Horsemanship lessons

I am taking lessons now with my barn manager/landlord Erin Murphy, and I have already learned so much in just two sessions. We’re not using Rocky because his feet are too sore (countdown to next trim/measuring for boots … 18 days). On Tuesday I got to play with Dave, an “impulsive” LBE, and today I played with Parker, a “dull” LBI. Both are very nice, friendly horses who have lived in Parelli circumstances with Parelli humans for years — Dave for his whole life, and Parker at least for several years although I don’t know his life story.

Parker, chocolate palomino Rocky Mountain Horse

Parker, chocolate palomino Rocky Mountain Horse

In both sessions, the main theme was energy. Specifically, my energy, and how the horse relates to it.

On Tuesday, Dave was hardly impulsive at all, and in fact appeared a little “lazy” (for him). Erin pointed out that if I was nervous about a horse going too fast, which I have been at times, I might be subconsciously holding in my energy rather than sending it out even though I’m waving the stick as if to say “go!”

That’s a central theme of natural horsemanship: the horse responds to what you’re actually doing, not what you think you’re doing. (Pat-isms: 1 – “Horses are like computers. They never do what you want but they always do what you say.” and 2 – “To a horse, everything means something and nothing means nothing.” )

So today with Parker, she worked with me on how to bring my energy up effectively (hard!) and down (easier!) and create responsiveness and life in the horse. I practiced a long phase 1 with energy and intention, and then a meaningful phase 4 to back it up, so that he would tune in and believe my phase 1. And you know what? It worked. He went from “ho hum, maybe if I shift my weight to my other foot, she’ll think I’m going to send, and then I can just stand here” to “Yes, ma’am, thank you for sending me!”

It’s not that he’s dull and always going to be dull, it’s that it takes savvy to engage him. When he’s engaged he’s responsive and clever and all those things you want a horse to be. Judicious application of cookies (LBI!) and resisting my urges to do friendly game or pet him in between made a huge difference. He became very light and responsive to subtle signals.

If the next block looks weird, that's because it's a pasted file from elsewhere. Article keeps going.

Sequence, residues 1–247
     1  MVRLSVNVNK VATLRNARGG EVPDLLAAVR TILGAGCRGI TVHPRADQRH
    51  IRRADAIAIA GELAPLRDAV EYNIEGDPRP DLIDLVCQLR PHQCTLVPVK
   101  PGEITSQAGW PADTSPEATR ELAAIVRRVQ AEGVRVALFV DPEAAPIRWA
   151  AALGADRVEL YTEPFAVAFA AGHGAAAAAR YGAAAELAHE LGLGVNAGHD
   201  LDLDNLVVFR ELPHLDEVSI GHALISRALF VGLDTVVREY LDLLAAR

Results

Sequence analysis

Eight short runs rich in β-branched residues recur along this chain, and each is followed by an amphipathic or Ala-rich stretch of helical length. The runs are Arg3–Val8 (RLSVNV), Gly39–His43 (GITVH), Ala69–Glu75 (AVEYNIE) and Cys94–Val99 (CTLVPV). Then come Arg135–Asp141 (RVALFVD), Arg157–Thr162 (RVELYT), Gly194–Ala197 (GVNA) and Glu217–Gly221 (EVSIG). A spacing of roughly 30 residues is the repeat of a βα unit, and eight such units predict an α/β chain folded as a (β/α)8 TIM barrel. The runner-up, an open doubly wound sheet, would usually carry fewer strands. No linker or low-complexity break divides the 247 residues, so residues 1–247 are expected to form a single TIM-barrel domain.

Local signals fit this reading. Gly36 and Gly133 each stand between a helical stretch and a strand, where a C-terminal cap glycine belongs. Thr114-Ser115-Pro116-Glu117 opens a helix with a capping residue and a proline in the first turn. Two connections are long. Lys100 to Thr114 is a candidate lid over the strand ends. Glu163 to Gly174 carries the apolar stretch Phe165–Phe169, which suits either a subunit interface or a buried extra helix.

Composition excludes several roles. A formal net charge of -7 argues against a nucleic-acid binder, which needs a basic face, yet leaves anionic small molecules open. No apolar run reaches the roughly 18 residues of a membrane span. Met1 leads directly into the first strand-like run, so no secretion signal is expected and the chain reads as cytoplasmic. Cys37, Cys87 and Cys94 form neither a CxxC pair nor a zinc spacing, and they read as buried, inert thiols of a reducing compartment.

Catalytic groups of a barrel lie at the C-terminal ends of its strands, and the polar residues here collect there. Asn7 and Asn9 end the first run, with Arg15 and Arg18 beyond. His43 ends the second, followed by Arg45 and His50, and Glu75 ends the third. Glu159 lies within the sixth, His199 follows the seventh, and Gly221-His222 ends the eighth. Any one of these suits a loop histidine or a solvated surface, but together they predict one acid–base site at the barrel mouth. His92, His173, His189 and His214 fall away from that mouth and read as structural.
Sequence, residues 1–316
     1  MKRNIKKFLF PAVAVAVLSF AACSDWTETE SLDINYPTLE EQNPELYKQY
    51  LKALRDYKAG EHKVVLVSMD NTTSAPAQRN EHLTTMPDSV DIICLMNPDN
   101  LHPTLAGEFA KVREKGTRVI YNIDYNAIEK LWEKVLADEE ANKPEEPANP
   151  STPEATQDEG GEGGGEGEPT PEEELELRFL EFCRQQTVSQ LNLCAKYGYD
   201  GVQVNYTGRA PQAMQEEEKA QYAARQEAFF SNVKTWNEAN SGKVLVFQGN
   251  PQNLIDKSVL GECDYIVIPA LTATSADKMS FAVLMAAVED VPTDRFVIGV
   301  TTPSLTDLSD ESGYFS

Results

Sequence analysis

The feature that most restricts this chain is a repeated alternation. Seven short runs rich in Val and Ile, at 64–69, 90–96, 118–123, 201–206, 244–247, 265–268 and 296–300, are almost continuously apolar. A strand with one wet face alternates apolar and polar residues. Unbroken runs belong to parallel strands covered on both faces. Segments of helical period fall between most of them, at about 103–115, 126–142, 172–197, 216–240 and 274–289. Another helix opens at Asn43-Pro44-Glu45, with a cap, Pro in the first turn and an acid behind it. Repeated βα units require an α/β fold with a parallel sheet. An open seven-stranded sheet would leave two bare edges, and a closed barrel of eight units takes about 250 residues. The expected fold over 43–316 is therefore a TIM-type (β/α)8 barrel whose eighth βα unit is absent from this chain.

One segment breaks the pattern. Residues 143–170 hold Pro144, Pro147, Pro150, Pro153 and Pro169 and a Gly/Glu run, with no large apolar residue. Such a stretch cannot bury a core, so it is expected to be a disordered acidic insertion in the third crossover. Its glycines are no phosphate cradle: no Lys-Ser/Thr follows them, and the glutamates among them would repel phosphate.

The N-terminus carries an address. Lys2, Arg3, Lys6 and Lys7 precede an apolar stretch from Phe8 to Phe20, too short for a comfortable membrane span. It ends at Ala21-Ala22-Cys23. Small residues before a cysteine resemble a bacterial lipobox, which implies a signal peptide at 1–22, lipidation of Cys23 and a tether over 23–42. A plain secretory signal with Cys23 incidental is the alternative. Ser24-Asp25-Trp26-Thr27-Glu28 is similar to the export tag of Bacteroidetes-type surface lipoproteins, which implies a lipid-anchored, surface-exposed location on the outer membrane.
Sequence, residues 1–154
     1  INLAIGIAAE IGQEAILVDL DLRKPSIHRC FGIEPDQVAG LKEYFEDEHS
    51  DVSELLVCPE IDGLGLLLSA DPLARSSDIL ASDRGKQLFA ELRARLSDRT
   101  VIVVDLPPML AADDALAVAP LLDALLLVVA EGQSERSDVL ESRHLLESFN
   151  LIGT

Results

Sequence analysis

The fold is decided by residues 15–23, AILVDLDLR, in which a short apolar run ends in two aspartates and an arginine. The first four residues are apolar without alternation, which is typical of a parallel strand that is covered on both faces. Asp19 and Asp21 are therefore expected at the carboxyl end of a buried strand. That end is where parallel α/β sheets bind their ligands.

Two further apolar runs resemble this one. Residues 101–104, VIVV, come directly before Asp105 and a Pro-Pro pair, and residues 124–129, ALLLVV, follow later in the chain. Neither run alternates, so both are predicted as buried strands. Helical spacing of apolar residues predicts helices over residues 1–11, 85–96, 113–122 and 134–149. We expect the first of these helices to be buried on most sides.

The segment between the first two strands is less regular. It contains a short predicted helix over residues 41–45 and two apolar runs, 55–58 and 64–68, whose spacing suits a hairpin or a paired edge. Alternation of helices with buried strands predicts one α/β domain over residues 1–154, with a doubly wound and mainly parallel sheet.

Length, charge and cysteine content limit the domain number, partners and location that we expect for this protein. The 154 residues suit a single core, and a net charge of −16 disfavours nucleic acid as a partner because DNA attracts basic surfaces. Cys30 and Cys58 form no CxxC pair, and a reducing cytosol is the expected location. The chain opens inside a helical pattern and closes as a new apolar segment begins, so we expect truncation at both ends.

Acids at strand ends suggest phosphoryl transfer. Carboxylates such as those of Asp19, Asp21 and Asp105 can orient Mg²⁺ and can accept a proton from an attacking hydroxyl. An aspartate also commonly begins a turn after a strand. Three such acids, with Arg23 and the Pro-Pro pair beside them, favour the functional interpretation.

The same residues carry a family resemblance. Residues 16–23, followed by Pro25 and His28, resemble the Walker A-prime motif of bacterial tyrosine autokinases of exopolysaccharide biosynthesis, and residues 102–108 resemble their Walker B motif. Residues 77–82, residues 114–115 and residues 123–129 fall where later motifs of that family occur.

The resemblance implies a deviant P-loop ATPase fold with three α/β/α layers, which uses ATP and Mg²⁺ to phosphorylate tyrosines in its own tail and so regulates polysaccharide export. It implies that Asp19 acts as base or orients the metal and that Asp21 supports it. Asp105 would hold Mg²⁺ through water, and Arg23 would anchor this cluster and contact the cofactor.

That’s a big learning experience, for me, not to follow up automatically with friendly game and/or petting. “What is the purpose of Friendly Game?” Erin asked. I thought about it, not wanting to parrot back the PNH materials but actually answer what it means to me. I said it’s twofold. One is to desensitize the horse to stimuli that doesn’t need to be meaningful to him. The other is reassurance.

“Does he need reassurance right now?” she asked. He didn’t. He was resting, relaxed, eyes half-lidded. She said that too much friendly game at the wrong time can make a horse dull. That we’re trying to sensitize him, to encourage him to be light, not to desensitize him. It was good that I “rubbed out the sting” after a phase 4 that made him a little nervous.

But I didn’t need to run my rope all over him and pet him when he wasn’t — it was better to take off all pressure, turn my energy away from him, and do a full release, rather than put him in a position where he had to retreat inward (“get dull”) to ignore stimuli he didn’t want or need.

Even in just that session, the dynamic changed when I did that. He tuned in more, I got more clear with my energy (thank you my former life when I practiced Pilates and took some dance classes!), and I got exuberant sends and energetic sideways and lots of perked ears and eyes in my direction. I paid close attention to engaging my core and at one point during sideways I realized I was wiggling the stick but my core was cringing backwards — I don’t know Parker well and I suddenly had this “what if he kicks” moment — and that really shows that the horses tune in more to the energy than to the tools, because he let the energy out of his body and sort of muffled to a stop, rather than get more exuberant with his sideways. Hm, how interesting!

I know I’m in a habit with Rocky of petting him and friendlying him a lot and I get all “oh isn’t he cute” and squiggly. He does ask for reassurance more often than Parker did today, so it’s not like I’m always forcing Rocky to put up with stroking he doesn’t want. But Erin said to remember it’s about what the horse needs, not about whether I want to pet him every five seconds. Putting the horse’s needs first can mean not overdoing petting, friendly, hugging, and the like, and not doing it at the wrong time.

Rocky wondering if I'm going to snuggle during dinner

Rocky wondering if I'm going to snuggle during dinner

I have recently started doing more “functional” touch, like flicking the string around like it’s my tail and I’m a companion horse keeping flies off Rocky. And letting Rocky initiate touch, not barging into his space and petting and brushing and all that.

Because, ya know, I don’t like to be touched. I’ve been nervous about the next Grief Release Workshop session because we’re going to practice acupressure on each other and I hate the thought of having to touch and be touched by these women I barely know. When I’ve had lovers who are naturally touchy-feely all the time, we’ve always had to learn to balance each other: me to relax into random touching and them to back off a bit so that I have space to breathe and ask for touch when I want it. (I don’t mean sex, that’s not a problem; I mean random petting and stroking and brushing and playing with my hair which I can barely tolerate even on my most cuddly days.)

My horse is my mirror. Wow.

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